(Ph.D. Princeton University; Associate Professor)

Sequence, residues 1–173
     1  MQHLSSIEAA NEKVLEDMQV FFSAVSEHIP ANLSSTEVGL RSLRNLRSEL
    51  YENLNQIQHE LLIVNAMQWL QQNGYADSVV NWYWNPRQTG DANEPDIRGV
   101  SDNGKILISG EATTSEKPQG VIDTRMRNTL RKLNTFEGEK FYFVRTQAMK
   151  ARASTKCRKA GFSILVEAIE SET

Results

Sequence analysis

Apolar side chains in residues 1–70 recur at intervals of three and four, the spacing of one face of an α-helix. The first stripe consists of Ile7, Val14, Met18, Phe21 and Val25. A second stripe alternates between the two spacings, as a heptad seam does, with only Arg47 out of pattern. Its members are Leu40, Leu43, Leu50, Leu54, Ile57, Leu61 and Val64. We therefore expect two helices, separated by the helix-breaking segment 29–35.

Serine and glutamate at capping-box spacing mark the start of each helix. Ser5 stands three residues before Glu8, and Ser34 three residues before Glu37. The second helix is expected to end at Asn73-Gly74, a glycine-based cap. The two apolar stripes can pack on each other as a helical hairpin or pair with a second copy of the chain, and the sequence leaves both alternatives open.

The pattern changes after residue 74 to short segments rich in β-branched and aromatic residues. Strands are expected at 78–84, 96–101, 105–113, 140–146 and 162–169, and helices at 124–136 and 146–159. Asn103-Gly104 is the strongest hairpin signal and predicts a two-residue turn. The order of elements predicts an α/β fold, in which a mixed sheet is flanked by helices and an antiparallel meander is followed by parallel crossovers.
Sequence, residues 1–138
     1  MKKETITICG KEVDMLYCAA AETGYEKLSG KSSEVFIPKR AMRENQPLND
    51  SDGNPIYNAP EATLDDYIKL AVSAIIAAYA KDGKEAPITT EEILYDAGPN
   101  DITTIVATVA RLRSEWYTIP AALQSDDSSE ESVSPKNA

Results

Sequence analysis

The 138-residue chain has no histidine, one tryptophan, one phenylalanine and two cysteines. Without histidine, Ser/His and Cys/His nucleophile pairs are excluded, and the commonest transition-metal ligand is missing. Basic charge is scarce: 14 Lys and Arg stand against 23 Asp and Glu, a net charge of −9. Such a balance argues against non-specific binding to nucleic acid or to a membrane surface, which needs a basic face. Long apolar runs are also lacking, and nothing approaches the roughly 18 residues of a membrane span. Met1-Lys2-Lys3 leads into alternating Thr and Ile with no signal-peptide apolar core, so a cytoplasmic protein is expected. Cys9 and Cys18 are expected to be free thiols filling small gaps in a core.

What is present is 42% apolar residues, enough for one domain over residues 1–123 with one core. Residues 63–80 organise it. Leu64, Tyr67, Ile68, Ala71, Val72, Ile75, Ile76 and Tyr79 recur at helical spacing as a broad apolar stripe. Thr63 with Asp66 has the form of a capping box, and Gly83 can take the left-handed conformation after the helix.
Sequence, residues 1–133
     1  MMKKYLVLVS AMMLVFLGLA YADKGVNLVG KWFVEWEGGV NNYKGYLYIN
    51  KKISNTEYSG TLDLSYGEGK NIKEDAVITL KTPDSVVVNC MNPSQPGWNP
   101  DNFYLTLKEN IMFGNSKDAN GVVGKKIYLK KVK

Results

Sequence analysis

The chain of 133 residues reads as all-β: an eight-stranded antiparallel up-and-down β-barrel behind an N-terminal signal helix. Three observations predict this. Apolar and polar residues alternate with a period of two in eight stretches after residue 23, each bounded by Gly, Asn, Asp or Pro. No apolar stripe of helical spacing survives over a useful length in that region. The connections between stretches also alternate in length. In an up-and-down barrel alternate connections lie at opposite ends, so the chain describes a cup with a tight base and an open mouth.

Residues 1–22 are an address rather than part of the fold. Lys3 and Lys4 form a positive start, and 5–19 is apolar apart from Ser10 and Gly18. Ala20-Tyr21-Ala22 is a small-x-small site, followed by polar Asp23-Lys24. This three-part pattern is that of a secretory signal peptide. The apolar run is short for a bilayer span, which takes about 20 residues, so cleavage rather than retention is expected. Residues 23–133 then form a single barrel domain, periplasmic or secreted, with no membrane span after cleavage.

Professor Lester specializes in the social and religious history of Europe during the High Middle Ages (1000-1400). She received her A.B. (Classics and History) from Brown University (1996) and her Ph.D. (History) from Princeton University (2003). She studied at Mansfield College, Oxford University (1994/95) and at the École normale supérieure in Paris (2000/01). Her first book, Creating Cistercian Nuns: The Women’s Religious Movement and Its Reform in Thirteenth-Century Champagne (Cornell UP 2011) won the SMFS best first book award. Lester teaches courses on medieval religion and society, the crusades, English legal history, and women and gender in the pre-modern world. She has published on the institutionalization of charity, the meaning of space and the development of urban networks, and relics and devotion in France and Flanders during the Middle Ages. She is the co-editor of Cities, Texts, and Social Networks (2010) and Center and Periphery: Studies on Power in the Medieval World in Honor of William Chester Jordan (2013). Her research has been supported by several fellowships including: a Mellon Post-Doctoral Fellowship at the Medieval Institute at University of Notre Dame (2004/5), Membership at the Institute for Advanced Study in Princeton, NJ (2012) and an American Council of Learned Societies (ACLS) Charles A. Ryskamp Fellowship (awarded 2011/held 2013). Her new research focuses on the material history of devotion during the period of the crusades. She is currently writing two books: Fragments of Devotion: Relics and Remembrance in the Time of the Fourth Crusade and a general synthesis entitled Medieval Europe: A World Without Empire (for Yale UP).